The system, named among ‘The Greatest Innovations of 2021’ by Popular Science, is the brainchild of John Diener, formerly a divisional MD at Singapore-based animal feed manufacturer Gold Coin Aqua Group, and computer and data scientist Enzo Acerbi. The next step in Vertical Oceans’ journey is a scaled-up commercial facility capable of producing 1,000 tonnes of seafood a year. The founders estimate this will require 5,000m2 and that the facility will stand at some 15 storeys high. In October 2021, Vertical Oceans secured a $3.5m seed round with Khosla Ventures, a deal TechCrunch believed to be the first case of a major Silicon Valley fund investing directly in an aquaculture start-up. With the global shrimp market alone valued at $50bn annually, it is unlikely to be the last.
Fishing for investment
Such developments speak to the potential to scale up solutions developed locally, as domestic priorities drive innovation and support. Indeed, S$144m (US$106m) has been allocated towards the funding of a SFA R&D programme to support the 30 by 30 vision, with the development of aquaculture solutions in genetics, nutrition, and disease and health management a major area of focus. In 2021, the SFA selected eight “urban aquaculture” projects for funding, a number of which came with international partners, addressing an array of challenges, from the developing of genetic resources for red snapper, to oral and immersion vaccines against viruses in Asian sea bass.
It is not only government initiatives funding this space in Singapore; a host of multinationals, as well as venture capital (VC) players, are becoming increasingly active. In August 2021, for example, Siemens acquired a significant minority stake in Singapore Aquaculture Technologies, innovators in closed containment systems for fish farming, as part of series A financing round totalling S$9.2m (US$6.77m).
Also in 2021, AquaEasy became the first start-up to be spun out from Bosch’s “grow” Singapore incubator programme. The business aims to help drive an increase in the region’s farmed shrimp yield through the use of AI. Besides Singapore, it is already in use in farms in Vietnam and Indonesia.
Elsewhere, Hatch opened its Singapore Innovation Studio in 2019, seeking to identify and support Asian start-ups working in the aquaculture space. The Singapore studio is one of three globally, with the other two based in Hawaii and Norway. Last year, 11 companies joined the inaugural programme, with seven drawn from Singapore (including applicants from A*STAR and Singapore’s Aquaculture Innovation Centre), and the rest from South East Asia and Australia. They are looking at an array of topics, including nutrition, health, novel production systems, biomass and alt-seafood.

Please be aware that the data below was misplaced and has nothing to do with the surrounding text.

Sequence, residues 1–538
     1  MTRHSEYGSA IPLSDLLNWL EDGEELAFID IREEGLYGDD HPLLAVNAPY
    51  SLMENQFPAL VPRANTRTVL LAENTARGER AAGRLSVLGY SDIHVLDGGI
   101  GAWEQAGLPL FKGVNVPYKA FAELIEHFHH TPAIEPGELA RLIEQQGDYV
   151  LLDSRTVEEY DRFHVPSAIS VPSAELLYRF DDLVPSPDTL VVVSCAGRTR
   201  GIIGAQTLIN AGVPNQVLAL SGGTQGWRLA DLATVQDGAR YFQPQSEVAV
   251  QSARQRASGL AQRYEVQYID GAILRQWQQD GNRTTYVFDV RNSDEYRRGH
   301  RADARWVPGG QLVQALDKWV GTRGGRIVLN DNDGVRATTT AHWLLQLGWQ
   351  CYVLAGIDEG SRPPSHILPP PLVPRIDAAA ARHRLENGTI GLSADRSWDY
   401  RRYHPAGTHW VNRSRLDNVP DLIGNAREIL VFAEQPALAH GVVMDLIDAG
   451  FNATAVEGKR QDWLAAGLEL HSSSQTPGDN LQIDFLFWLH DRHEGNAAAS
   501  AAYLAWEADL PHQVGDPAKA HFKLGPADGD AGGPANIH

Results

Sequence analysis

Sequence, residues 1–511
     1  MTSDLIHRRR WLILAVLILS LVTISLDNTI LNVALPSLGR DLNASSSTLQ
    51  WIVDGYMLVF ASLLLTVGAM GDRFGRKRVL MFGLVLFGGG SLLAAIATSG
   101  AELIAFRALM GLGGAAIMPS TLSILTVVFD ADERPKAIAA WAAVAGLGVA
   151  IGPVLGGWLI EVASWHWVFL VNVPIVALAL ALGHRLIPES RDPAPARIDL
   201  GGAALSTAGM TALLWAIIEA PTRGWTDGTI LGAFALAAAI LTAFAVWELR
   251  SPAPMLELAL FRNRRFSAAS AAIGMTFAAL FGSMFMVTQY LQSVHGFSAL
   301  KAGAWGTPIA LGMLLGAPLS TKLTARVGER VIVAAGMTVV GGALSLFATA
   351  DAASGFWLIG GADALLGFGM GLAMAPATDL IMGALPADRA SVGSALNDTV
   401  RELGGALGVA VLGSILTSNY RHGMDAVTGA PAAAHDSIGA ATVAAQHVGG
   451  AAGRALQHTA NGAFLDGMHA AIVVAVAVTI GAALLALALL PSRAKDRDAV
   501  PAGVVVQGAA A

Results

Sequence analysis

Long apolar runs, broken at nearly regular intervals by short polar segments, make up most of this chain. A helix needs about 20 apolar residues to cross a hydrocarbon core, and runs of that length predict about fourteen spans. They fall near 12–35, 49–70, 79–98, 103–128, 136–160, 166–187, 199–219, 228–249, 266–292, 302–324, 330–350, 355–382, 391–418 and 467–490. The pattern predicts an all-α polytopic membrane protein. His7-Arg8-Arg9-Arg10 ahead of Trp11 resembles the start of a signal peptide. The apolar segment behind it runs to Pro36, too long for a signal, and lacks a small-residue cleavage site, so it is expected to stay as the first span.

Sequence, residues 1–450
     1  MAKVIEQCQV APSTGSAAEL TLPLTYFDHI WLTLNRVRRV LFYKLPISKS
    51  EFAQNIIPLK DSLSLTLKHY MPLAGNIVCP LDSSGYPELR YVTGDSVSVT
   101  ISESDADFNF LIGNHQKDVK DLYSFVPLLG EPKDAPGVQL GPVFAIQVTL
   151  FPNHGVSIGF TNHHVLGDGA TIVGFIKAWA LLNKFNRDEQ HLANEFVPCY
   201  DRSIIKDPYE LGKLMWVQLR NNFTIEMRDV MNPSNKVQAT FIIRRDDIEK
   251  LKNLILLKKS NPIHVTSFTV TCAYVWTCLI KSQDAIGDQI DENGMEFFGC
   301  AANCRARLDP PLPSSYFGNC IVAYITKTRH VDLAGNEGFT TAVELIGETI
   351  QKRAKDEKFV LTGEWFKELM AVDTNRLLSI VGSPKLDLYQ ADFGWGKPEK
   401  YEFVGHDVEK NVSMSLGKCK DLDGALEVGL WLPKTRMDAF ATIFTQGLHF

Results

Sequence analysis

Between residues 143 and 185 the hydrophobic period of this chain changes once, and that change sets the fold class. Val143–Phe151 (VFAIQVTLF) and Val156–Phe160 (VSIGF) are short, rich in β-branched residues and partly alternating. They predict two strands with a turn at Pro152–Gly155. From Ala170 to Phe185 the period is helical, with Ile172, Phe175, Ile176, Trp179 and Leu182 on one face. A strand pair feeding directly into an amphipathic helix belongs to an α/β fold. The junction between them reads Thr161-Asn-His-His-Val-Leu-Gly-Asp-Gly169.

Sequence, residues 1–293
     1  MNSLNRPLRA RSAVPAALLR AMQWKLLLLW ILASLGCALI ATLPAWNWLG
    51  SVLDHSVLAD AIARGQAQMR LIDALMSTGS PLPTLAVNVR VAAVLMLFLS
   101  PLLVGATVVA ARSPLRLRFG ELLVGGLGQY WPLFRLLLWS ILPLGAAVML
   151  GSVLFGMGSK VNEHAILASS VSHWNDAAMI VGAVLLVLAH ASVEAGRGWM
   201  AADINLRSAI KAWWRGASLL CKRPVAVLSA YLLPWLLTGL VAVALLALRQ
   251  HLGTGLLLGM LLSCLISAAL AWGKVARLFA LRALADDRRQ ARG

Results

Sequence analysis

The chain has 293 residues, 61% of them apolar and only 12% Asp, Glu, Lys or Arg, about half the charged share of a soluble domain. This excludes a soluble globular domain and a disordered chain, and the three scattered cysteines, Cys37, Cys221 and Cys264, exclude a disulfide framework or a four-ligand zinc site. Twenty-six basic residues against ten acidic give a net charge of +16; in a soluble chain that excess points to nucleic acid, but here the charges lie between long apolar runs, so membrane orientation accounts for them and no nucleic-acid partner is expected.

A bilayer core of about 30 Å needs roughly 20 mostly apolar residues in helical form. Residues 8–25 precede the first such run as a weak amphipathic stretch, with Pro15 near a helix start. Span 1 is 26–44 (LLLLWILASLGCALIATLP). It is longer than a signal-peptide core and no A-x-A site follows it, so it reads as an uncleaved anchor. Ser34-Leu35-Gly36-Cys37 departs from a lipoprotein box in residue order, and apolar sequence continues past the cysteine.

“We were incredibly pleased with the range of companies applying to join the programme, both in terms of technology focus and stage of development,” commented Wayne Murphy, co-founder and partner at Hatch, at the time of the announcement. “The participants selected range from very early-stage research projects to companies many years in business, and some having raised millions in investment.”
All these developments speak to the potential entrepreneurs, investors, government and industry see in the aquaculture space – and Singapore’s suitability as a launch pad for success. Food security has been identified as fundamental to Singapore’s national security, but efforts to get there will also drive an increasingly dynamic and innovative aquaculture ecosystem, underpinned by partnerships with industry, academia, VC and government support, delivering new solutions with transformational potential far beyond its own borders.
To learn more about opportunities and incentives for investing in Singapore, read Invest in Singapore: Create What’s Next.